Injunction Granted to TiVo; Injunction Denied in Favor of Toyota.

TiVo v. EchoStar (E.D.Tex. 2006)

TiVo has been granted an injunction against EchoStar stopping it from installing or selling infringing DVR’s and ordering EchoStar to disable DVR functionality in the majority of its installed customer equipment. In granting the injunction, the most compelling factor appears to be that TiVo and EchoStar compete head to head in the DVR marketplace.

Defendants compete directly with Plaintiff – Defendants market their infringing products to potential DVR customers as an alternative to purchasing Plaintiff’s DVRs. The availability of the infringing products leads to loss of market share for Plaintiff’s products.

The court did not stay the injunction pending appeal. According to the district court, “[w]ithout a stronger showing that the jury’s verdict will be overturned in its entirety on appeal . . . allowing the ongoing infringement is not within the public’s interest.” However, in an emergency appeal, Chief Judge Michel has granted a temporary stay to “preserve the status quo while the court is considering the parties papers.” Briefing on the Stay will be completed by the end of August.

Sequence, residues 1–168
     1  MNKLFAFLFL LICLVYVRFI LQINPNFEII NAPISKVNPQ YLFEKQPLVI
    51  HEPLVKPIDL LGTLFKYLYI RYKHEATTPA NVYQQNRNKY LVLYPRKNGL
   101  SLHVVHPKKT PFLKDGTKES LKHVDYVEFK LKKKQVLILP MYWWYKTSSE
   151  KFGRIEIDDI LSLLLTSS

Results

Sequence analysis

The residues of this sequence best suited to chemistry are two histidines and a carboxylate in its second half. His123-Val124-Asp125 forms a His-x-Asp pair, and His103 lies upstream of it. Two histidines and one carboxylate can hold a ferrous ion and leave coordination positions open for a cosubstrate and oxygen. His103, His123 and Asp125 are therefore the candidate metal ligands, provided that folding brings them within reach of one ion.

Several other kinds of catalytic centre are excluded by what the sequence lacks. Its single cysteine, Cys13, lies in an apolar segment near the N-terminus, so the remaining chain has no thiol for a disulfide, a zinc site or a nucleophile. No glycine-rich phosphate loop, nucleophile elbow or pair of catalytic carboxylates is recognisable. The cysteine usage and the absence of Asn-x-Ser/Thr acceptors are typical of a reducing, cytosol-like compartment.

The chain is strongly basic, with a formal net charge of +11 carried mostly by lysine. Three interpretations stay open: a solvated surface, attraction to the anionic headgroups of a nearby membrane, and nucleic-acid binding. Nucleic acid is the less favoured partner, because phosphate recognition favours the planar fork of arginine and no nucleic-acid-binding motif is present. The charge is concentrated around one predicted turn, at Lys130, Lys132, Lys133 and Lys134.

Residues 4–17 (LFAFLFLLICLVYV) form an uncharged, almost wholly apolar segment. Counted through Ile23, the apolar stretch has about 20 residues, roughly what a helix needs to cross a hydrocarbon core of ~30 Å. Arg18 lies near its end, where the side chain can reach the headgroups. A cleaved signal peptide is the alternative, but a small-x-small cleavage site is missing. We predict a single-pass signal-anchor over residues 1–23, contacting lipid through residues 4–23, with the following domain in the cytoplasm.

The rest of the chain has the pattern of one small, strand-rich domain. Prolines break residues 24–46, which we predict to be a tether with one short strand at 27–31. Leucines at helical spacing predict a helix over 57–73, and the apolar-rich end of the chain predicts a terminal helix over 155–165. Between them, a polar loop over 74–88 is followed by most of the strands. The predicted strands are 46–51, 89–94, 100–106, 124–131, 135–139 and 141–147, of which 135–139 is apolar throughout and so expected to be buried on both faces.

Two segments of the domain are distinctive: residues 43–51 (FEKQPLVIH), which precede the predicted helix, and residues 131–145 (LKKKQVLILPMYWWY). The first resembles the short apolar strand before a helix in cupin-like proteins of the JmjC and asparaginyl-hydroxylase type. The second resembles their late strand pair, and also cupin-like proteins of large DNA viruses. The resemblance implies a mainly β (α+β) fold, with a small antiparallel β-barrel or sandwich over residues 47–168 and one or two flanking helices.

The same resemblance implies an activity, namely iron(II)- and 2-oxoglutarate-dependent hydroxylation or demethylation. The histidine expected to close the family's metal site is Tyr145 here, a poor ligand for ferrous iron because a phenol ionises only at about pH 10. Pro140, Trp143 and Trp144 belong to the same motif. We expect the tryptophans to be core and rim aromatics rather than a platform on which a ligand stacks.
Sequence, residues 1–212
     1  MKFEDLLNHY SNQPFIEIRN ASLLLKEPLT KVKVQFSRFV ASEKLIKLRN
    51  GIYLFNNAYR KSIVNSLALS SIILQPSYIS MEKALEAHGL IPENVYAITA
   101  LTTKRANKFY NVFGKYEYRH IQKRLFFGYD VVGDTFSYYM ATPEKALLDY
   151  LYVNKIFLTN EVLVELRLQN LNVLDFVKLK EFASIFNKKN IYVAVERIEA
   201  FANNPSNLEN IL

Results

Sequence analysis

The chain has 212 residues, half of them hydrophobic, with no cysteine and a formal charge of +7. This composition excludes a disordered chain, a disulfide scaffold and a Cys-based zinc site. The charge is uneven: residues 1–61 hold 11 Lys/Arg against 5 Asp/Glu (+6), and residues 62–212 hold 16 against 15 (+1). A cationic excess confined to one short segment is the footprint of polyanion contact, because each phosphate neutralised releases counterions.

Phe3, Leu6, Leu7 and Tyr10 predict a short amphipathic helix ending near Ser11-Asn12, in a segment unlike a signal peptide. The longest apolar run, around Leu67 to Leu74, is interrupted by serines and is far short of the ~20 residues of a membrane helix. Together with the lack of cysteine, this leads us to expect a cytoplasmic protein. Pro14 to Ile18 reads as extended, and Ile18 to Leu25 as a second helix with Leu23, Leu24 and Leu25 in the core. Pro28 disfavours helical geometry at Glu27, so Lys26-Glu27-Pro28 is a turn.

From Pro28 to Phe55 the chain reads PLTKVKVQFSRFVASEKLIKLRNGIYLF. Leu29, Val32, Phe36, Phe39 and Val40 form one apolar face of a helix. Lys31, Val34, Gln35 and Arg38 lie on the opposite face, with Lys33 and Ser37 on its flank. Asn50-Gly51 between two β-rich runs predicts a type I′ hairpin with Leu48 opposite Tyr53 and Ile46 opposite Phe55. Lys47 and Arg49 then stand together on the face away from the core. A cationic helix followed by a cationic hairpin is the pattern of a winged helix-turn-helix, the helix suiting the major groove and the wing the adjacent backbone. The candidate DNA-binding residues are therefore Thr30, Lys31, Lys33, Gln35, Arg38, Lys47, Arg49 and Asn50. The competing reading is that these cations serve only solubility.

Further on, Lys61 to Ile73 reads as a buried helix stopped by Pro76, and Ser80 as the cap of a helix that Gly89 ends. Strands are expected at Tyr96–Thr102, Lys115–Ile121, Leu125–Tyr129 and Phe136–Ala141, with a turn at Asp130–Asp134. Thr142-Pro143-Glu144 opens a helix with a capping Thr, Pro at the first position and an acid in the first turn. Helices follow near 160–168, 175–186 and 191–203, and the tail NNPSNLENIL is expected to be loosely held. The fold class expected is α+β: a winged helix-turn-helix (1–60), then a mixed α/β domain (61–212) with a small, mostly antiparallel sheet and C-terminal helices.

Paice v. Toyota (E.D.Tex. 2006).

One day earlier, the same Judge (Judge David Folsum) denied Paice its injunction against Toyota. Toyota was found to infringe Paice’s patents on hybrid vehicles under the doctrine of equivalents.  Paice, however, does not manufacture or sell any vehicles, but is geared toward licensing.  Because Paice could not show how its licensing activities would be irreparably harmed from the injunction (and because Toyota would certainly be irreparably harmed) the court denied the request for an injunction. In its findings, the Court made the following rulings:

  • A patentee has no presumption of irreparable harm even after the patent is found valid and infringed.
  • The patents relate to only a small portion of the Toyota products — thus an injunction would be quite onerous on Toyota.
  • Plaintiffs have offered to license the technology to Toyota — a demonstration that money is sufficient.

The court did not explicitly assign any weight to the fact that (1) infringement was only under the DOE and (2) infringement was not found to be willful.  There is some precedential weight, however, to the position that a strong showing of infringement should lead to a greater likelihood of a permanent injunction.